I saw this great sleeveless blouse on Pinterest based on a circle skirt pattern. It was so cute and looked pretty easy but I couldn’t find any tutorials or even another example. There are other shirts based on a circle skirt but few like this. So I will attempt to write my process so others can try it too.
- Measuring tape
- At least 3 yds of fabric, should drape well 45”
- Package of matching bias tape
- Matching thread
- Paper if you want to draft a pattern
- Snaps, Velcro, or button
- Pattern Drafting:
I sketched my pattern out on a piece of paper first. I measured my neck and then added an inch of overlap for fastening, then added seam allowances (I use 5/8” but use whatever you are used to). That was my length for the neck band. For finished width I decided on 2.5 inches so I doubled it and added seam allowances so my total was 17.5 inches long X 5 inches wide. That was my neck band pattern.
Then I drafted the blouse pattern on a piece of paper. I knew my fabric was going to be 58” which is 29” folded. I then assumed I would fold the fabric over from the end to form a square 29” by 29”. Now I had to do some fancy figuring (remember the geometry!) to figure out the rest of the measurements. I know I wanted to gather the neck into the neck band to I wanted the neck opening to be double my neck size so for me that was about 30 inches. In order to figure out how to mark my circle I needed the radius of the neck opening. For those of you who have forgotten your geometry, radius = circumference/3.14. So with a 30” circumference my radius was 4.77 inches. The radius for your hem circle is as wide as your fabric will allow, which for me is 29”.
- Cutting the circle:
So I wanted to do a practice mock up before cutting into my favorite fabric to I went to Joann’s with my coupons and got some nice fabric for a trial run. When I got home I realized the fabric I liked was only 41” wide. I want to keep my original pattern and make the next one like that. I modified the original pattern to be only a half circle. So I folded the fabric in half and drafted my circle. I had to adjust the neck radius because I still wanted the circumference for my neck to be approximately 30” on the half circle. All I did was double the radius (about 10 inches) I found for my full circle measurement and there was my new neckline. For the hemline I just used the rest of the fabric and made it as wide as possible; I can always shorten it.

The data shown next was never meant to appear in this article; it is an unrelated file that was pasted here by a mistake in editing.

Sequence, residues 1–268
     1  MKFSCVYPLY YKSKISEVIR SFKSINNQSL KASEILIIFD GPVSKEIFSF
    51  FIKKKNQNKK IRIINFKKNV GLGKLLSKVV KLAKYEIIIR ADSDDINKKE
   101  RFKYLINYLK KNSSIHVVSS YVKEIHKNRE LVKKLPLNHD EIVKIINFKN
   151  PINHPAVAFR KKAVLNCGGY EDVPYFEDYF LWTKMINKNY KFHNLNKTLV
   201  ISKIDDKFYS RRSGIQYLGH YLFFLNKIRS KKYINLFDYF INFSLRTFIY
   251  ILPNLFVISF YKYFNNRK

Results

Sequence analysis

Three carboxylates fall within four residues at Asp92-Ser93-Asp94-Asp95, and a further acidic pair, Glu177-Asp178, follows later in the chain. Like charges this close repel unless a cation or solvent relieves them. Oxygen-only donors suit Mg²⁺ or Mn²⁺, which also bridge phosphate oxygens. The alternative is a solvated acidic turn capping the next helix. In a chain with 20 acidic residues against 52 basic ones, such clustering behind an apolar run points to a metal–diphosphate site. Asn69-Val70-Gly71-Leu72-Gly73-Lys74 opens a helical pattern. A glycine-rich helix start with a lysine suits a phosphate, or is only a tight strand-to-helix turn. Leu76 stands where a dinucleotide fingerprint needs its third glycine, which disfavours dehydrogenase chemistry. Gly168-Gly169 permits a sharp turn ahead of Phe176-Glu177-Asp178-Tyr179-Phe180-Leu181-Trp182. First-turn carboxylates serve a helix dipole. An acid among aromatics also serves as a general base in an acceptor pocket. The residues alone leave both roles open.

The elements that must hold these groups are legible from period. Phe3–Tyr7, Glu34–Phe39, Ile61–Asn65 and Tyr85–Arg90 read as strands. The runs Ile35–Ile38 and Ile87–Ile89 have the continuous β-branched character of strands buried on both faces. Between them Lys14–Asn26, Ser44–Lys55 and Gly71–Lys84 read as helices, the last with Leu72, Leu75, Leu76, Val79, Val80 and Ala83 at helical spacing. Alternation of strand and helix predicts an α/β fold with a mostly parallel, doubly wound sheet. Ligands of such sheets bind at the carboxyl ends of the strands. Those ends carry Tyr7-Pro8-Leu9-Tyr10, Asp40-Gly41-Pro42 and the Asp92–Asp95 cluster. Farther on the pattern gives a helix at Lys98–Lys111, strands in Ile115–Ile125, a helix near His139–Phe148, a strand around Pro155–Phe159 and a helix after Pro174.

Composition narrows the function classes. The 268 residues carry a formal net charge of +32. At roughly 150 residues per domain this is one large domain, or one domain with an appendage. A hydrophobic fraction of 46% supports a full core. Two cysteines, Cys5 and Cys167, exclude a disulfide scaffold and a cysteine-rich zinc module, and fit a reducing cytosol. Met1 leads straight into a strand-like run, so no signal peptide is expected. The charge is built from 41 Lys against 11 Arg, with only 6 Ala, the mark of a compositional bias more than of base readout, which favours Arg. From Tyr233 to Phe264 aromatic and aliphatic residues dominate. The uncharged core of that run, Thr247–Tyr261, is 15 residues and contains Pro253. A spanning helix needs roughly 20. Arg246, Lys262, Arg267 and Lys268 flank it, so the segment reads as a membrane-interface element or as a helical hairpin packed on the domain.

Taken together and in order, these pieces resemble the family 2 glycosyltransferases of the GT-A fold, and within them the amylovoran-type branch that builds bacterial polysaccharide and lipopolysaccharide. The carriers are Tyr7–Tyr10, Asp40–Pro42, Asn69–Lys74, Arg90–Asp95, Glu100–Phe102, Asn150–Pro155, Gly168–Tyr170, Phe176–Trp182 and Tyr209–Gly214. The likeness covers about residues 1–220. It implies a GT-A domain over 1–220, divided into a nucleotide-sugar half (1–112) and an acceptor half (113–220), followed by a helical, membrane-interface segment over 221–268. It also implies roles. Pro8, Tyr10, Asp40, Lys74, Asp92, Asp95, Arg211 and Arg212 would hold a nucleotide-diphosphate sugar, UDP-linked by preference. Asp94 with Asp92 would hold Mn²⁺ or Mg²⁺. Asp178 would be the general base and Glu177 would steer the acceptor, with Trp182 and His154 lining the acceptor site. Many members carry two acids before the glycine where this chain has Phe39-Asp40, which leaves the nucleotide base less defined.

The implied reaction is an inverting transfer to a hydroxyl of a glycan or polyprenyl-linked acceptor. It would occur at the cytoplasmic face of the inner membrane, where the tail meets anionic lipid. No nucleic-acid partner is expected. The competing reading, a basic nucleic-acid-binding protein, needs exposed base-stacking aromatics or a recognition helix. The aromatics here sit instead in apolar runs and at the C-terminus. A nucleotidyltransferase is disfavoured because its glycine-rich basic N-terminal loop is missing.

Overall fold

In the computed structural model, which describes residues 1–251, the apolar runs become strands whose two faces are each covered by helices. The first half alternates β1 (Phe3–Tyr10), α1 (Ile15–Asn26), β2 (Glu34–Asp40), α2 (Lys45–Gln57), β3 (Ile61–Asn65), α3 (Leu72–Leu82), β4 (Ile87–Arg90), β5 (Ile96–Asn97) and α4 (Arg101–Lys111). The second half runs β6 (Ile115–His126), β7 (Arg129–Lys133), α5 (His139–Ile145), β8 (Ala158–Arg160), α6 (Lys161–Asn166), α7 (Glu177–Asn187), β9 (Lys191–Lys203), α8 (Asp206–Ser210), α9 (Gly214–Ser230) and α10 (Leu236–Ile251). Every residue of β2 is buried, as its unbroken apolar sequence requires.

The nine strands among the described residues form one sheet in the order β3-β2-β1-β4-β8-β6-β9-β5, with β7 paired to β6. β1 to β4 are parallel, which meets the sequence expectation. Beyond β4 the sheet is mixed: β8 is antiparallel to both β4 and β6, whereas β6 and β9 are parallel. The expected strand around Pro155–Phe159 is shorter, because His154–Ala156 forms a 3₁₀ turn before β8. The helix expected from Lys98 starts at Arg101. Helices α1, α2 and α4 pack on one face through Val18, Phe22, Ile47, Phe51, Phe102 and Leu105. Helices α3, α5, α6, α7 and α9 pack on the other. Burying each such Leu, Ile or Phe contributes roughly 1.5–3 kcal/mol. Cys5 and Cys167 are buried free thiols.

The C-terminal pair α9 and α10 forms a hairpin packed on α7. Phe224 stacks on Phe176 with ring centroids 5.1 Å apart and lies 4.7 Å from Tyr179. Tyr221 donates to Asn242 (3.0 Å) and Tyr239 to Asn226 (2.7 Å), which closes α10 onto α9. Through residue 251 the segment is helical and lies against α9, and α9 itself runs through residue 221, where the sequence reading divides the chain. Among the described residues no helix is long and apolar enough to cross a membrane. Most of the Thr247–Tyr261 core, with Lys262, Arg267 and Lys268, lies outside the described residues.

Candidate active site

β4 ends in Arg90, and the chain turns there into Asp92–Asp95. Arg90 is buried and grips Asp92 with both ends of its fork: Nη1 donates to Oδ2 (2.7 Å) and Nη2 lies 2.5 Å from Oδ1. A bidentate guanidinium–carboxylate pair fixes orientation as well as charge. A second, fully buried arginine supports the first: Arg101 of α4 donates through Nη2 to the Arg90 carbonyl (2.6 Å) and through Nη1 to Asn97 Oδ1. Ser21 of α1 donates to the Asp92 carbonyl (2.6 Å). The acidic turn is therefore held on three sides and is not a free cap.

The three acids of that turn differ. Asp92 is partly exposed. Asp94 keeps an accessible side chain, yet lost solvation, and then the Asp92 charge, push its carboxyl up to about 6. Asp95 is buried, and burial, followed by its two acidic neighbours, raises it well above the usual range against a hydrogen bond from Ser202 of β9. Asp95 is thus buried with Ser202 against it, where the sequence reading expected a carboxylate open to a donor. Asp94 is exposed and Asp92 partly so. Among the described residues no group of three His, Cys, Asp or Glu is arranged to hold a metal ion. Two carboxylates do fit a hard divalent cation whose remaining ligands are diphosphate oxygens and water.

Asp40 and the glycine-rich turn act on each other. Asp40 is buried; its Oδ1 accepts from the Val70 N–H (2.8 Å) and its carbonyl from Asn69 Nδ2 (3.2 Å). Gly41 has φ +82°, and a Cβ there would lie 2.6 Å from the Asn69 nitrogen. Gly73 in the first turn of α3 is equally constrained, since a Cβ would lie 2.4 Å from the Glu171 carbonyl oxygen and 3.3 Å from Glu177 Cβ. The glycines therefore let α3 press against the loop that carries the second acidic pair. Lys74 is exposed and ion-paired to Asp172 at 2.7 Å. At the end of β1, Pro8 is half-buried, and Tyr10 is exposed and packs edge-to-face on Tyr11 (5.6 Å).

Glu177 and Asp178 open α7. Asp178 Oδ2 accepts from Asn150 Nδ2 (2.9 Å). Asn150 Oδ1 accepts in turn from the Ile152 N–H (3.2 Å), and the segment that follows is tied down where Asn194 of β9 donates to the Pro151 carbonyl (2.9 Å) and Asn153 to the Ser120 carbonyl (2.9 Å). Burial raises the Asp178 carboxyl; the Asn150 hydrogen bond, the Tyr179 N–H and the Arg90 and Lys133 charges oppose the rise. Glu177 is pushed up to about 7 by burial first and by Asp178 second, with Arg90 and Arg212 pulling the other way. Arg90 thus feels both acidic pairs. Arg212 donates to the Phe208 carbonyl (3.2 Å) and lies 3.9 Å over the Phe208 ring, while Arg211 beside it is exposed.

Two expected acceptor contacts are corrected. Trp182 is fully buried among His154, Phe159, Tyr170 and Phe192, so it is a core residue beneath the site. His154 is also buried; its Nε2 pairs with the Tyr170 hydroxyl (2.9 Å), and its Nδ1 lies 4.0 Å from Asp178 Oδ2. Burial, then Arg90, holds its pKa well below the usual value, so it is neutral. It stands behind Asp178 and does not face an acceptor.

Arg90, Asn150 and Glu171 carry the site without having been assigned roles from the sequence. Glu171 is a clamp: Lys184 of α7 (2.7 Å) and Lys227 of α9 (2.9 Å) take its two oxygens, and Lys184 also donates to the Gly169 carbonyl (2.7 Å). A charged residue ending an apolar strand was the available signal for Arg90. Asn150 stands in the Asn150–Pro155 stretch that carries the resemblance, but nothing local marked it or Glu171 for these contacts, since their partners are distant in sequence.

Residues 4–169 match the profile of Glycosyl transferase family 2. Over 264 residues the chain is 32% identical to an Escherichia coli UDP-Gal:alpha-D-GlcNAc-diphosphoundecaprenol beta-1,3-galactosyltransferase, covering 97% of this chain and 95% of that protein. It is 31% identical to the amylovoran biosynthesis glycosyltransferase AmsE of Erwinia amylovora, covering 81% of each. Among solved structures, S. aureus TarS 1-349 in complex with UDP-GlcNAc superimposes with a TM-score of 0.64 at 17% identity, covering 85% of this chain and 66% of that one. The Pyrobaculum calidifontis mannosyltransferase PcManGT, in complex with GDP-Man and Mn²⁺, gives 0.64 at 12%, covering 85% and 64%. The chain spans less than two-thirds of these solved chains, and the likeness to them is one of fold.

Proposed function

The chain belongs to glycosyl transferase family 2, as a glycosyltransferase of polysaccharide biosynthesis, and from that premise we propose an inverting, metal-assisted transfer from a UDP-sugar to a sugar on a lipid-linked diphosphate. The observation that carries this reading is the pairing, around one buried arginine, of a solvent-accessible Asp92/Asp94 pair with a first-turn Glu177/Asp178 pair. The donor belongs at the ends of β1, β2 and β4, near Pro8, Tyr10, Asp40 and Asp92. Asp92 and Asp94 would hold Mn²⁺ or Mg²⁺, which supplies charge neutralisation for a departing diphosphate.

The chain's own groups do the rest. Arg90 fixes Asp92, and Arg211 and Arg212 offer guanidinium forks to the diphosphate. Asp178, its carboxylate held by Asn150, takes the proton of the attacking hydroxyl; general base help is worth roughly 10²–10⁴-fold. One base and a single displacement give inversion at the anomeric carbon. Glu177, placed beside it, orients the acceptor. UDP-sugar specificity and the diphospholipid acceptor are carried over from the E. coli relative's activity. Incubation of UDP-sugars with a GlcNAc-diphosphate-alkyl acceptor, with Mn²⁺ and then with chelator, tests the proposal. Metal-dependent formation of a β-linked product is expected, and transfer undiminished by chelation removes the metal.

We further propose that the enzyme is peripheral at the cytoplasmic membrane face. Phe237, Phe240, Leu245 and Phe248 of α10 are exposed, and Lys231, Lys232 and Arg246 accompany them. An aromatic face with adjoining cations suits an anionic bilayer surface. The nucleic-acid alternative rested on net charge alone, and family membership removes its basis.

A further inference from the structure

- Estimating the armholes:
Once I have the half circle draped on the dress form, I pin the seam up to under the arm. Then I estimate the length of the armholes. I cut the non-seam side down to match where I pinned the seam so I had two slits on each side. Then I wanted to round the armholes for a better fit and face them with bias tape. I used a cup to give some shape and cut a teardrop shape.
I think the arm holes are a little low so I will take the neckline down an inch after I do the facing since I have plenty of length and a little more fabric gathered into the neck won’t hurt. Now I know I need to start with shorter armholes.
- Face the armholes:
I wanted to practice using bias tape facing for my armholes so I made bias tape out of a fat quarter that complimented the fabric. I followed this bias tape tutorial and found it easy. I used the Scientific Seamstress’ bias tape maker to fold it instead of buying one.
- Gather the neck and finish the neckband:
The neckband is interfaced with a light facing. Press it right sides together and sew the sides. Turn and press again and then turn the hem under and press. I marked the sides of the neckband with a little over lap for snaps. Gather the front between the armholes so it fits in the front half of the neckband. Right sides together and sew, keeping the other layers free. Do the same with the back. Fold the neckband down so the gathered part is between the two layers and the hem is turned under. If you made the back or inside of the neck band a little longer than the front you can stitch in the ditch to secure the inside of the neckband to the front. Sew on snaps at neck side.
I wanted to face the hem with the same as the armholes but didn’t have quite enough to do it so I settled for a narrow hem using my narrow hem foot. I have a hard time keeping it lined up right so it is not as neat as I’d like. I have to keep practicing.
- Make a belt (optional):
I didn’t have much fabric left so I just made a bias strip, folded it in half and sew. Turn it so the right side is out and iron. Sew ends close. Or you can skip the belt for a maternity shirt or use a store bought belt. You could also make a coordinating belt out of a men’s tie!